It’s the time of reviews and previews in Romania’s newspapers. What happened in the ten years since the first democratic political change in the country, what happens today with the judiciary, trade unions and the fate of Romanians abroad, and what will happen once Romania joins the EU are the main points of focus in the papers today.
Evenimentul Zilei evaluates the changes that have occurred in post-communist Romania since 1996, when the first democratic change of power took place as elections forced ex-President Ion Iliescu out of office, allowing a representative of the opposition to take over the job for the first time.
The newspaper tries to summarize the past ten years in several words: transition, hope for European integration, three governments, small tremors or huge earthquakes that shook the health system, transports, technology, economy, tourism, politics and sport.
While Evenimentul Zilei tries to bring the past closer to the people, Cotidianul moves further in time and publishes a second round of figures on the victims of the communist regime - this time the intellectual elite.
The newspaper’s series of reports in this regard comes as President Basescu had called for such clear data so that he could afford to condemn communism officially.
But the same newspaper also announces that a scientific report in this regard, compiled by a presidential commission, is almost done already - which may turn its own reports futile.
Evenimentul Zilei also makes a stunt: in one report, it tells the tale of a former anti-communist fighter whose wife informed the communist era political police, the Securitate, about his actions despite loving each other since kids.
And in another report, it announces the number of marriages in Romania has been growing after a huge drop in the early nineties: while only 129,000 marriages took place four years ago, the number grew to about 150,000 this year and exceeded 50,000 in the first few months of 2006.
Still looking back to the past, Adevarul reports that top Romanian officials attended ceremonies to mark the Holocaust Day in Romania yesterday.
And it notes President Basescu, while visibly impressed by the event, mentioned nothing about Marshal Ion Antonescu, the man who ruled Romania in 1941-44 and seen as the main culprit for actions against Jews in the country.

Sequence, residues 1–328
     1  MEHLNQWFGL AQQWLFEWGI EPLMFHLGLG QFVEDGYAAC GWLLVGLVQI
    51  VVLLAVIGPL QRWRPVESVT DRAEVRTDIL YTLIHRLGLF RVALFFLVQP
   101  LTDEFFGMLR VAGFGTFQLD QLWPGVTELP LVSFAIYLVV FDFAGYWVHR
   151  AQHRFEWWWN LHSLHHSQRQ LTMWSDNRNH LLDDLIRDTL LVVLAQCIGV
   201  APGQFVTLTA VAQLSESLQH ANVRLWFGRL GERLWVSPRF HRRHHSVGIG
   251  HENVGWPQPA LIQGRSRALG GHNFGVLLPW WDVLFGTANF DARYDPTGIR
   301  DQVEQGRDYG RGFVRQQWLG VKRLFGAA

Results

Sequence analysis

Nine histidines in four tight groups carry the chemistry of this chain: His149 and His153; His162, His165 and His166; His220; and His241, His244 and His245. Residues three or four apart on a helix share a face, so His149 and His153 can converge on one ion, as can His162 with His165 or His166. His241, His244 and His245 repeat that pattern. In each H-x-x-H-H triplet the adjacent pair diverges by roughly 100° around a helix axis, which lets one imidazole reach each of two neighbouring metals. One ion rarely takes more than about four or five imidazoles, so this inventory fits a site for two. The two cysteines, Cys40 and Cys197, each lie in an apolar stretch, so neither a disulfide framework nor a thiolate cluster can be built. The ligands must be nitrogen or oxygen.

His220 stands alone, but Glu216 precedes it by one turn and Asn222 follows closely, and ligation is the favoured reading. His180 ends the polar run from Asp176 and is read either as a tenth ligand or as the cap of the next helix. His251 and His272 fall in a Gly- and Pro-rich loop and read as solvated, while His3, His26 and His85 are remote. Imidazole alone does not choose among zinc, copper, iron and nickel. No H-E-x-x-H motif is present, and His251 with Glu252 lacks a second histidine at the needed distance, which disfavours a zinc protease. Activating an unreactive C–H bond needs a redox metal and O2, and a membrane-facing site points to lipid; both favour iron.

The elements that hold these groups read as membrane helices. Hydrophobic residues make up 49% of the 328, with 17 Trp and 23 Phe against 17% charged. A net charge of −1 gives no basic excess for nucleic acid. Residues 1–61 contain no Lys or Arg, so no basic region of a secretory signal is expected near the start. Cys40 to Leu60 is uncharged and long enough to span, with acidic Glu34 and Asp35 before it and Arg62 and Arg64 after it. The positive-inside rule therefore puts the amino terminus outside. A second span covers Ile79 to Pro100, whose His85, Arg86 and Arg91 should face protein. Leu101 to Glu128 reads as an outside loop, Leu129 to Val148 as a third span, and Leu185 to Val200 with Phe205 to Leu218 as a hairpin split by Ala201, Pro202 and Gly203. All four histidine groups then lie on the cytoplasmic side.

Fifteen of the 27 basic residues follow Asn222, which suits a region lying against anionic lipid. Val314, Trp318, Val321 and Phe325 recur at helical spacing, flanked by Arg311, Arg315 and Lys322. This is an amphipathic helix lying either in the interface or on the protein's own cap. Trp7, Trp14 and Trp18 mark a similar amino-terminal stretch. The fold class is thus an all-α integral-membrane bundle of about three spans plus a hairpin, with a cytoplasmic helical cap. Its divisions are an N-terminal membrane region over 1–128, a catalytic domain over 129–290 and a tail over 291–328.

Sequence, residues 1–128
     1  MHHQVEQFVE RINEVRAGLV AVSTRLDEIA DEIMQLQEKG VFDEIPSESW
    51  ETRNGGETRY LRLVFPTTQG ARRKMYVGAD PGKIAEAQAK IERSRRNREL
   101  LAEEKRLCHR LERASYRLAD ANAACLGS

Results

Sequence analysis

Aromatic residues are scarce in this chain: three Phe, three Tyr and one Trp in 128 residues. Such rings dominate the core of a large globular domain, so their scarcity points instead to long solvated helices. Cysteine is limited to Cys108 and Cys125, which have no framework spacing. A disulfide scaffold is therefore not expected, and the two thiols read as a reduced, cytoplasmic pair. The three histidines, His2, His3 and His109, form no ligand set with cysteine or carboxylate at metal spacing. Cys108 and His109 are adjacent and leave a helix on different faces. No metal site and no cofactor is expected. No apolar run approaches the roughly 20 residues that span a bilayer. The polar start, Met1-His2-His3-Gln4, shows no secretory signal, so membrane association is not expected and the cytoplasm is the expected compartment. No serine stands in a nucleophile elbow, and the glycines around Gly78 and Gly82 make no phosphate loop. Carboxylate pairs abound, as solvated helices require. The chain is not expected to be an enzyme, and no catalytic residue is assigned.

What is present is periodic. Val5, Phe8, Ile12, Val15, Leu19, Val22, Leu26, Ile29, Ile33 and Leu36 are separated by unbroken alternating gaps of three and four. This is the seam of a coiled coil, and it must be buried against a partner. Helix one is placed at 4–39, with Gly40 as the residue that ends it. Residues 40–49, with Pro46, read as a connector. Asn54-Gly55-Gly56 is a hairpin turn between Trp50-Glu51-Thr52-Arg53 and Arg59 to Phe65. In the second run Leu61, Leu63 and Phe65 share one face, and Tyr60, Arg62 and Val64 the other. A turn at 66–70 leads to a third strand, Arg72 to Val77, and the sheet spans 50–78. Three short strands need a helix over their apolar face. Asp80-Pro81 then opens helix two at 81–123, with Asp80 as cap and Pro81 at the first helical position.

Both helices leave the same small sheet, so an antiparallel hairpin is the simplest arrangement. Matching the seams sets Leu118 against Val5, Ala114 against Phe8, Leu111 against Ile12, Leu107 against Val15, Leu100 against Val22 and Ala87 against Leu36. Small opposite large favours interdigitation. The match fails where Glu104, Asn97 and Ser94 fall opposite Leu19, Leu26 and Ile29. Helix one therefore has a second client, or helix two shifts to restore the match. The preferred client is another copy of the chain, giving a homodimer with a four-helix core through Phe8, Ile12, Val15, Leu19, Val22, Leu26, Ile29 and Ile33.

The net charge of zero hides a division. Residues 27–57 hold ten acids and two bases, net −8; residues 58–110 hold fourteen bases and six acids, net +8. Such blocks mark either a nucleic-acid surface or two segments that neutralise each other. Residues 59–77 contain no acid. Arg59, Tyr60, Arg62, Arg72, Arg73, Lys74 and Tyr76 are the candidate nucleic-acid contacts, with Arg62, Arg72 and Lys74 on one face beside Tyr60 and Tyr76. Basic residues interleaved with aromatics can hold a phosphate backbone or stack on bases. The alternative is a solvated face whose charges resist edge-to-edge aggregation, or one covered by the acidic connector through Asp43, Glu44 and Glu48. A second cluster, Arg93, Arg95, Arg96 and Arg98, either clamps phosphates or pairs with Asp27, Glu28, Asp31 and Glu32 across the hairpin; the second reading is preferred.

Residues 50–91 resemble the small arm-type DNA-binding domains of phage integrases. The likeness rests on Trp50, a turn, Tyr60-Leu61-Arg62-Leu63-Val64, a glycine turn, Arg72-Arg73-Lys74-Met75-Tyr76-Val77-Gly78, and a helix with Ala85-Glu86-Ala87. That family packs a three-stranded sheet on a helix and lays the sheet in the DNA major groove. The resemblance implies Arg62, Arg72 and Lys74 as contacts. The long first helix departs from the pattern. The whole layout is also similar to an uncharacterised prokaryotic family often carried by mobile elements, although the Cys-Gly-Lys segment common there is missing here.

Several days ago, Basescu said Antonescu was “almost a genius”, the newspaper writes.
What about now? The same Adevarul quotes a British tabloid reporting that Britain education faces a deep crisis once Romania and Bulgaria join the EU next year, as the country’s children have no room left in schools because of the increasing number of immigrants’ children.
Gandul publishes a feature article about the “Romanian Park in Rome”, the spot in the Italian capital that has become the official destination for buses carrying Romanian immigrants there.
The “park” turns into a sort of miserable fair during weekends, where immigrants from all over the world step on dirt and garbage to sell their products.
Gandul brings another facet of traveling abroad: Romanian PM Calin Popescu Tariceanu met his predecessor Adrian Nastase during a flight to Paris on Sunday. And while Tariceanu was traveling first-class, Nastase, who’s been facing charges of corruption, had to accept a seat at the economy-class.
Meanwhile, Evenimentul Zilei looks into the future and reports that custom checks at Romania’s western border will only stop in 2010 - and only if all goes well - despite Romania joins the EU next year.
And it writes that Romanian citizens traveling to other EU countries will not have the same liberties as Western European citizens and for the first few years they will only be allowed to spend up to 90 days in one Schengen countries.
Back home, Cotidianul wonders what will happen with the “judicial errors” that left dozens of people indicted for various crimes including large scale graft and organized crime stay at large.
The newspaper warns that such judicial procedures, which allowed controversial business people such as Dinu Patriciu and Marian Iancu be free, risk becoming an integral part of the system - for which nobody is immediately responsible.